resume-gaps

Do you have a hole in your resume? Did you take a few years off to raise children, explore Europe, or simply wait for the right job?

Having a gap in your resume shouldn’t spell doom for your chances at landing a great job. There are several great tricks to help you overcome the dreaded employment gap, and we will go over these here.

Be creative but don’t deny the gaps

There is nothing wrong with taking time off from work, so long as you have been productive during your unemployment. Did you go to any professional classes or conferences? Have you learned a new skill or spent time training for a different career?

These are all great skill-building activities that could be put into your resume.

This can include volunteer work, too. If you spent some of your downtime pitching in at a local food bank, or coordinating a charity run, you can and should include it. If you’re not already doing something in your down time (besides job hunting, of course) then get on it!

Remember that your resume is not just a snapshot of your jobs and responsibilities. It’s an introduction of you as a professional to a potential employer. As such, your resume should tell the reader the beginning of a story—one that shows how you have progressed over the years, built your knowledge base, and met challenges.

Group temporary and self-employment gigs together

When someone is unemployed for an extended period, temporary jobs and contract labor are a common way to make ends meet. Others simply prefer the “gig economy” so they can have the flexibility to pursue other interests. This type of employment history can look a little awkward on a resume, however, especially if you have a handful of temporary jobs at one time.

If you were a contractor, or if you did these jobs on contract, you may be able to qualify all of this time as being self-employed. Doing this will give you one steady explanation of that timeframe (and look a whole lot better on your resume).

Employers rarely look down on someone who started their own business, even if it failed in the first year. Failed businesses happen often and as long as you’re prepared to explain it honestly in the interview, this isn’t a deal-breaker for most hiring managers.

Rearrange your resume to emphasize skills

A functional resume format, versus a chronological one is very likely the best solution for you. It’s a resume format that emphasizes years of experience with certain skills, rather than the exact dates you worked for a particular employer.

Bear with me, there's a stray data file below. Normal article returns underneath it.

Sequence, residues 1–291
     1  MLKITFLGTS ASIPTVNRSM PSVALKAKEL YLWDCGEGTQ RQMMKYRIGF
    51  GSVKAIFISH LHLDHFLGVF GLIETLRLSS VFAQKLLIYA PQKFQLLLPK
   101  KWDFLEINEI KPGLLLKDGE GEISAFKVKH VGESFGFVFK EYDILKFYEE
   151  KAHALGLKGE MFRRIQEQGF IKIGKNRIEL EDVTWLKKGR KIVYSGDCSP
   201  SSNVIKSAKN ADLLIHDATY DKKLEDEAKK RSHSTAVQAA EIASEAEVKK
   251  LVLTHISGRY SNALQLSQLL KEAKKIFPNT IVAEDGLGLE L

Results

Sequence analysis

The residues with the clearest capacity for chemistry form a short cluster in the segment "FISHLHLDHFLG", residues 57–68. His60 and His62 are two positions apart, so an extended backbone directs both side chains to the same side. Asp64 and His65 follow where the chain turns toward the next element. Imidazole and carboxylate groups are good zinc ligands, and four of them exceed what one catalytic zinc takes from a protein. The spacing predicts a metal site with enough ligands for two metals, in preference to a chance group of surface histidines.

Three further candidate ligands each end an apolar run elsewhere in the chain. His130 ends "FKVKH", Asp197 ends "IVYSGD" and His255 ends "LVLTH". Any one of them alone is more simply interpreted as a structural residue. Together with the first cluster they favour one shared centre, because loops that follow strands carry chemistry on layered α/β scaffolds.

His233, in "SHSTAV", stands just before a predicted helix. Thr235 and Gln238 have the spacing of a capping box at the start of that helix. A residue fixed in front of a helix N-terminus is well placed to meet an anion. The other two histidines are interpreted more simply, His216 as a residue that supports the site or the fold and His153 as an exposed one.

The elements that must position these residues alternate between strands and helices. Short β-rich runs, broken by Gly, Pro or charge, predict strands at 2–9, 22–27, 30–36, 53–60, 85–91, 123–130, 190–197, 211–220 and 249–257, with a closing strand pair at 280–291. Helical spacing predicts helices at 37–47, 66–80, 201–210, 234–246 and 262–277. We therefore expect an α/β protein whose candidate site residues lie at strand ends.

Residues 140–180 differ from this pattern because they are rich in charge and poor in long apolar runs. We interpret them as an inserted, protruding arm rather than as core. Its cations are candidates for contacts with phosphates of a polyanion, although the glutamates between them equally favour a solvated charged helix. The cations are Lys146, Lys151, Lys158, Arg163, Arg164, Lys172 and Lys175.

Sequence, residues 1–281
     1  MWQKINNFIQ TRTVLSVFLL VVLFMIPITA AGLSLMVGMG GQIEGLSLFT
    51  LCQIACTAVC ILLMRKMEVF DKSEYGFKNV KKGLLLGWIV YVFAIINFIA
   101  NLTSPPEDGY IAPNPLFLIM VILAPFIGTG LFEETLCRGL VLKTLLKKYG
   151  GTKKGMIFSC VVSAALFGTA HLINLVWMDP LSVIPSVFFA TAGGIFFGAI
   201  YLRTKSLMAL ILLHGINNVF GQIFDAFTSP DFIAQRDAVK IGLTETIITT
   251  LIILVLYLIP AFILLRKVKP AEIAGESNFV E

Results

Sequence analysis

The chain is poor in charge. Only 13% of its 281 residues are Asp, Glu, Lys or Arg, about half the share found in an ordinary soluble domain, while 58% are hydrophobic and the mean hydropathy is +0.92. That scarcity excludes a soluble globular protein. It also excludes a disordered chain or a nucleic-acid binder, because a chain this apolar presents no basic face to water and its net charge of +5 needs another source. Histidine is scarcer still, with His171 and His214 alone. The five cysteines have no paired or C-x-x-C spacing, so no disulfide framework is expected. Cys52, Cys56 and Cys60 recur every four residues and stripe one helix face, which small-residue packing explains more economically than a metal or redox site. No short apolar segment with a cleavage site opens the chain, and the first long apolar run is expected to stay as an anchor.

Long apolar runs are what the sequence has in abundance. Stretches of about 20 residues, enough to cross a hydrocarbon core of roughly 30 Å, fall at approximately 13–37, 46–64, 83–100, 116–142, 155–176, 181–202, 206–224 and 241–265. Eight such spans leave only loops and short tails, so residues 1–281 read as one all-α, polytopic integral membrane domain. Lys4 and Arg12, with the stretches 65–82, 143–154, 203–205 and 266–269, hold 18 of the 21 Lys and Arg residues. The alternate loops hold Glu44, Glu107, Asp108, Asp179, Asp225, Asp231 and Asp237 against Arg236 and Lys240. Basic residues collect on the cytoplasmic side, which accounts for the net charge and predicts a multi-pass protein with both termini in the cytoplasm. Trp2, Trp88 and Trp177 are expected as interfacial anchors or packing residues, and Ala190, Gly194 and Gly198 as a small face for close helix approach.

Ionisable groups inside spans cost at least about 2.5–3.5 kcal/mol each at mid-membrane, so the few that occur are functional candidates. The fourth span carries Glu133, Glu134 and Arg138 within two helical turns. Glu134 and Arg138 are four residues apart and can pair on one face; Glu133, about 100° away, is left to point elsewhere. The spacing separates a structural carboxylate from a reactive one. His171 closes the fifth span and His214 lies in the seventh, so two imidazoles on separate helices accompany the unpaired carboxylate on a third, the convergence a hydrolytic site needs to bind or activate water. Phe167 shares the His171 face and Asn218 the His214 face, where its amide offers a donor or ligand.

If a hiring manager sees that you have 10 years of management experience, and five years of programming experience, they may be more inclined to give you a call than if your resume simply states that a few years ago you had a job as a manager, then switched careers to programmer after a year of unemployment.

Keep in mind, hiring managers are onto this and when they see a functional resume, they are immediately aware that there is a good chance you decided to approach it this way to hide resume gaps. This is completely fine, it allows for an easily readable resume that highlights your experiences as accomplishments and gives an overall summary, which is exactly what hiring managers want to read.

For many jobs, you may still need to list your employment history, even with a functional resume. This is commonly done at the bottom of the page, and it doesn’t have to be as detailed as it would be if your history was front and center.

Don’t worry, and don’t go overboard

Resume gaps happen, especially in an unstable economy. Having an employment gap isn’t always a deal breaker, and when it is, it’s probably not the right employer for you in the first place.

It’s common to go overboard listing a dozen responsibilities under each job to fill blank space. But doing so can also give the impression that you are trying to hide something on your resume.

Build your resume in a way that reflects you as a professional. Emphasize skills, list the small things, and be prepared to explain any gaps when the interview happens.

In the end, resume gaps are far from the hardest thing job seekers have to overcome.

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